As to preparing to make an application for QC, Sam confesses “I didn’t do this properly”. Although he was obviously successful in the competition, with hindsight he said that he would have made life much easier for himself if he had begun preparing a year or more before making his silk application. He would certainly recommend future applicants do so. As it was, he found completing the lengthy application form daunting and “one of the most
difficult things I have ever done”. The form required you to make an in-depth appraisal of your own skills and to consider in detail whether and how you met the all the competencies at a level of excellence in relation to your cases. You also, Sam believed, had to overcome a disinclination to talk about your own excellence; it was a fairly alien experience as you were usually advocating for the client, not yourself. Sam also said it was important to evidence the competencies. He suggested that there was no point in selecting a case because it was in itself substantial if your own role in it was limited. It might well be a lot better to select a less high-profile case where your role (perhaps in carrying out the oral advocacy) was significant and possibly more memorable for your assessors.
Sam said that of all the competencies he probably found advocacy (competency B) the hardest to enunciate, for the simple reason that it was at the core of his job and something he did every day. So he had had to stand back and think about what he had done and provide evidence for the QC Selection Panel.
He believed that the QC Selection Panel rather frowned on applicants seeking outside help with the application process – completing the application form and preparing for the interview – but said that it was inevitable that applicants would seek what help they could from wherever they could get it in order to give themselves the best chance of success in the competition. He had had some training himself but was highly selective in taking away from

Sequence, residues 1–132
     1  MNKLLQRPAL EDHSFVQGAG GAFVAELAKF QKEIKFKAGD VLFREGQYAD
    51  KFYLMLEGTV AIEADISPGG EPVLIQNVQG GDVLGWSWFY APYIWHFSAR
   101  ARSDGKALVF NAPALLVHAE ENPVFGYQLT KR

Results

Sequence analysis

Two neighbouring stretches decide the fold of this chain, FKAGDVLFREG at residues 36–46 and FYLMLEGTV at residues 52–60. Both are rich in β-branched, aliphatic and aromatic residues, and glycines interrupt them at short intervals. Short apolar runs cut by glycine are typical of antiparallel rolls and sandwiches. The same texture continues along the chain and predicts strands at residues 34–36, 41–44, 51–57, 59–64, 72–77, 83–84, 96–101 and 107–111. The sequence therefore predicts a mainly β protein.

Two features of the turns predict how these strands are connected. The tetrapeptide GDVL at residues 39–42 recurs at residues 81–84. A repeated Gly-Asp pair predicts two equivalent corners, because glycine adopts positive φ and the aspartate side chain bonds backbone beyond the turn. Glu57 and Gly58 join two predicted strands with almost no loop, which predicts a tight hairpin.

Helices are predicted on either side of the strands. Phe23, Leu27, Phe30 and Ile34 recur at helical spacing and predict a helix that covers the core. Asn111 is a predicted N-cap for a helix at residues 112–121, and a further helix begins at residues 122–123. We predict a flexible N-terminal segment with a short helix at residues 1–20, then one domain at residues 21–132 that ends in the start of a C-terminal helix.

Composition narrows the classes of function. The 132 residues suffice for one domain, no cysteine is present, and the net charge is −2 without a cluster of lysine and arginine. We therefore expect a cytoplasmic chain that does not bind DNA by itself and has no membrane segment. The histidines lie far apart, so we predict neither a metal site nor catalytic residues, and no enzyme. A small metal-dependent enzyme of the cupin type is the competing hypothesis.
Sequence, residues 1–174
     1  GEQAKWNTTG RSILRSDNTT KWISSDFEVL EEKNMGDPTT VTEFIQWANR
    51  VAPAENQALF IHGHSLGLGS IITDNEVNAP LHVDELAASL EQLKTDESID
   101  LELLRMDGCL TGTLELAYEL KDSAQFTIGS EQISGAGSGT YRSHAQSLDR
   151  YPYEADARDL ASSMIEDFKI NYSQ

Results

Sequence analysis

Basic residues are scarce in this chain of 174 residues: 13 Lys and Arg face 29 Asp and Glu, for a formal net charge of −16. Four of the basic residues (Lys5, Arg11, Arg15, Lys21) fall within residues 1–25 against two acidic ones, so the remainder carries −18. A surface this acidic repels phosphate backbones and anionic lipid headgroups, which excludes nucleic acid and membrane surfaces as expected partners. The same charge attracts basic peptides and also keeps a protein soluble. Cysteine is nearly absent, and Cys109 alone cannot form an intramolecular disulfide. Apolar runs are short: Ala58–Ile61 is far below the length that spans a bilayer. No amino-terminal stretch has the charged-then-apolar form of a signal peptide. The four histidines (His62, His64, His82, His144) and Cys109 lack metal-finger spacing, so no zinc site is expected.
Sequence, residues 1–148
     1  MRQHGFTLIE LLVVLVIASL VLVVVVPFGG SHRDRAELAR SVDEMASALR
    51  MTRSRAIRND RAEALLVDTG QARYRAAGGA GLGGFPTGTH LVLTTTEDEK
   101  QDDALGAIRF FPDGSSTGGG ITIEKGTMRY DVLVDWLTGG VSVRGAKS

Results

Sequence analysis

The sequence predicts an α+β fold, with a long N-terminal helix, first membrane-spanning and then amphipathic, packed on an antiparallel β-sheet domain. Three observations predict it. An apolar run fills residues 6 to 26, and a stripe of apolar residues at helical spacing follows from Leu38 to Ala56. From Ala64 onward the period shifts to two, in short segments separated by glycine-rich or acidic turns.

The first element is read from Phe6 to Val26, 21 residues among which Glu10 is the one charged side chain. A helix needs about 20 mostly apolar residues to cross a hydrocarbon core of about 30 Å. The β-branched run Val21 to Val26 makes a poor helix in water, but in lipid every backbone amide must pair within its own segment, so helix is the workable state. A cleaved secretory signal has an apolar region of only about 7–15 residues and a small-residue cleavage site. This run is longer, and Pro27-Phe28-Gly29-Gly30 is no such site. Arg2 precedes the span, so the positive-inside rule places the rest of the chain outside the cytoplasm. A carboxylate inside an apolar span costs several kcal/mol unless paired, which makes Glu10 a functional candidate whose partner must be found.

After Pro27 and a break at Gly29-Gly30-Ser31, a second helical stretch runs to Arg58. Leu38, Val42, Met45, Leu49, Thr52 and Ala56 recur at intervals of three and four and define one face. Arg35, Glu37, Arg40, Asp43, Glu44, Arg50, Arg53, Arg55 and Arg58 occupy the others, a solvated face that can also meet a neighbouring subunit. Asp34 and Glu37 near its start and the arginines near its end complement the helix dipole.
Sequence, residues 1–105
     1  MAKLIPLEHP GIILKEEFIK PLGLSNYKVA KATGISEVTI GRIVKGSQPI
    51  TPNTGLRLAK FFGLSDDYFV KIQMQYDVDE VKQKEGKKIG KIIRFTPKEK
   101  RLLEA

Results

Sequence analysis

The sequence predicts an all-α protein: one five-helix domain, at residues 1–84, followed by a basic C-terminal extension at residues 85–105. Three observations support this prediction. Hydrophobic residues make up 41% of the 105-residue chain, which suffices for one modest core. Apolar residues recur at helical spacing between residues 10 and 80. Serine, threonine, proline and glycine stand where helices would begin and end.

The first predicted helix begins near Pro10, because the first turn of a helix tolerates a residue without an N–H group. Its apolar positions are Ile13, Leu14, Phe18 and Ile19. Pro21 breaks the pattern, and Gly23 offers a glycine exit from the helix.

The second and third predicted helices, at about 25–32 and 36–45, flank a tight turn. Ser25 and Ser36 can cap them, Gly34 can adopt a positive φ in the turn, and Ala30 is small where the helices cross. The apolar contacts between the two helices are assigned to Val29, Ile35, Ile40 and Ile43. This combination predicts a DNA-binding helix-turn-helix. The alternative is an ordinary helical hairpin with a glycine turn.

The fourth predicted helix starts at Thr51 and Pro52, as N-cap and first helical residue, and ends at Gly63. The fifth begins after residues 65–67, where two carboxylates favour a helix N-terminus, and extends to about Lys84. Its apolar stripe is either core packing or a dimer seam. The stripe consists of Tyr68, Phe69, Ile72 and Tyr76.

the training those bits which he felt would work for him; some things he was taught were more useful than others. It was important that you did not come across to the Panel as formulaic or over-prepared. People would inevitably seek training for interview, Sam said, as most will not have had an interview since joining chambers and would be unfamiliar with competency-based interviews.
In the weeks running up to his interview, Sam re-read his application form, and thought about new cases that had done since he submitted his form which he might talk about during his interview. He also gave considerable thought to new law in his field. As to the interview itself, Sam found this “very pleasant”. He was pleased to be interviewed in the first slot of the morning. Overall, the application process was a strange one in that there were periods of quite manic activity (completing the application from, preparing for interview) interspersed
with periods when nothing happened, from the applicant’s point of view. He appreciated that the Panel had shaved a number of weeks off the overall length of the competition but still felt it was too long.
Sam was proud to be a QC (“it is a real badge of excellence for the client”) but it had not fully sunk in yet. It was still very early days and in a sense he was starting again at the bottom of a new ladder as the junior QC in chambers in building up a silk practice. He is a firm believer and practitioner of a healthy life/work balance, which he intends to maintain as a silk. Sam considers it is a matter of being disciplined and ensuring that work
and social life are kept separate. He is an avid football fan and devoted follower of Liverpool FC. He also enjoys playing football and is a regular cinema and theatre goer. He likes travelling to far flung corners of the world to get away from it all. Whilst away, he does not read any work emails. The legal world seems able to carry on without him, he said, and if there was a dire emergency he was confident that his Clerk would find a way of contacting
- Date: March 22, 2019
- Category: QCA Profiles 2017